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|Location||Fresno County, California|
|Nearest city||Fresno, California US|
|Area||22,700 acres (92 km2)|
|Established||October 19, 1976|
|Governing body||US Department of Agriculture / U.S. Forest Service|
The Kaiser Wilderness is a federally designated wilderness protected area located 70 miles (110 km) northeast of Fresno in the state of California, USA. It was added to the National Wilderness Preservation System by the United States Congress on October 19, 1976. The wilderness is 22,700 acres (92 km2) in size, is one of five wilderness areas within the Sierra National Forest and is managed by the US Forest Service.
The Kaiser Wilderness stretches along an east-west ridge and is separated from the High Sierra by the South Fork San Joaquin River canyon. It is a miniature version of the Sierra, with elevations from 7,200 feet (2,200 m) to 10,320 feet (3,150 m) at Kaiser Peak, and is composed of glacier-scoured granite blocks, cirques, lakes, granitic cliffs and alpine peaks. Although a small wilderness, it is part of the almost contiguous federal wilderness areas along the Sierra Nevada Mountain Range with the John Muir Wilderness on the east, and Ansel Adams Wilderness to the northeast. Immediately south is Huntington Lake, a well-developed resort area.
The forest consists of white fir, Jeffrey pine, red fir, western white pine, and mountain hemlock. On Kaiser Ridge there are stands of lodgepole pine, and at timberline whitebark pine and Sierra juniper grow in mats of krummholtz. Willows and alders grow along the perennial streams that form the drainage area of the South Fork of the San Joaquin River.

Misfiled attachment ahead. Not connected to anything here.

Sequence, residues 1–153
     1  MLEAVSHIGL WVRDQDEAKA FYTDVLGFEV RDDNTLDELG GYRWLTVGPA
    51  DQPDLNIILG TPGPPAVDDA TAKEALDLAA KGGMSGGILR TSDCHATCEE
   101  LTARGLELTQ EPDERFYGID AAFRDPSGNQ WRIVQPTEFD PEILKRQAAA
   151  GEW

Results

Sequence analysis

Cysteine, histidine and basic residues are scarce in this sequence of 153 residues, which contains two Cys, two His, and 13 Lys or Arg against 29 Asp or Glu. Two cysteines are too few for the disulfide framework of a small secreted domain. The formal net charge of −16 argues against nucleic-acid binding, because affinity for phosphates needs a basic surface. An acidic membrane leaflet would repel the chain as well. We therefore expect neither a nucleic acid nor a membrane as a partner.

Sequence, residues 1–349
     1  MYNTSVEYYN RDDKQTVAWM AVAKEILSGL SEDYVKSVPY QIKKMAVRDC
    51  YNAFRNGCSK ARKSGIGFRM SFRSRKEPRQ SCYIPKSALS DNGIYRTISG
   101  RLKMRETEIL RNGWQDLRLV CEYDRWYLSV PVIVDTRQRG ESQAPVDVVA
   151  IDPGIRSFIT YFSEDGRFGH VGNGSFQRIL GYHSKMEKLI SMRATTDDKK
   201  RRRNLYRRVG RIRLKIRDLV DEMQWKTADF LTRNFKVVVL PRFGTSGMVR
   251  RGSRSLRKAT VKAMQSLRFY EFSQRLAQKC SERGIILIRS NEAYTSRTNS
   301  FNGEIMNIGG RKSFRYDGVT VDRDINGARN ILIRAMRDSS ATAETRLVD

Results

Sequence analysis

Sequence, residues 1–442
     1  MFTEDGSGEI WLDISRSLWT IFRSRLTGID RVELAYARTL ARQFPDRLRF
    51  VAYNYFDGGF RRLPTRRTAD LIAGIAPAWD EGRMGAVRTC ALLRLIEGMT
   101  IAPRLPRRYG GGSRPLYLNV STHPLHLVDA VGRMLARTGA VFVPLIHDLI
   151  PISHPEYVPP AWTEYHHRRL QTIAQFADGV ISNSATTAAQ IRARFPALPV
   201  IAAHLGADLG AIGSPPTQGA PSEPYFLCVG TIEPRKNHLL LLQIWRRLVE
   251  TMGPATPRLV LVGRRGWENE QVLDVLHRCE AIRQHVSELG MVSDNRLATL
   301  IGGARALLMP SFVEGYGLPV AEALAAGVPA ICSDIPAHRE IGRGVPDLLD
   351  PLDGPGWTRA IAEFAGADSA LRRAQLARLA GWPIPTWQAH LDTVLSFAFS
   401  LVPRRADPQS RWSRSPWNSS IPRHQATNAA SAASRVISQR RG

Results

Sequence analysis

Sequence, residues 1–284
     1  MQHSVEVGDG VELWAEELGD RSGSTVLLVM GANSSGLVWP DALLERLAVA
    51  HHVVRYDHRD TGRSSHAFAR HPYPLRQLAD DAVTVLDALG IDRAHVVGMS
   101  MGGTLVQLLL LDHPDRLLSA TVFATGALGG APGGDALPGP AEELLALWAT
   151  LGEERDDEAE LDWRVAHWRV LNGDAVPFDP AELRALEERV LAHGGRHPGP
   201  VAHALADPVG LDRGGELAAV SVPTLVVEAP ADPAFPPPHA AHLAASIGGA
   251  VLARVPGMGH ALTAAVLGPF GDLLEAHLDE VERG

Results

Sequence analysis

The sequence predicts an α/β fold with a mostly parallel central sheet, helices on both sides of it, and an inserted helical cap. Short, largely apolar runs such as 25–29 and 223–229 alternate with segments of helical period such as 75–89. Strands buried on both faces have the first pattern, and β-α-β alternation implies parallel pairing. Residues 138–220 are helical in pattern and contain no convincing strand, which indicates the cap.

Some of the popular lakes in the Kaiser Wilderness are Nellie Lake, George Lake, and Upper Twin Lake, with Upper Twin Lake having a cave where the outlet stream disappears into and then flows underground for several hundred yards before resurfacing.
Recreational activities include day hiking, backpacking, horseback riding, fishing, rock scrambling, nature photography and snowshoeing. A wilderness permit is required for overnight trips into the Kaiser Wilderness. The Forest Service encourages the practice of Leave No Trace principles of outdoor travel to minimize human impact on the environment.
Adkinson, Ron Wild Northern California. The Globe Pequot Press, 2001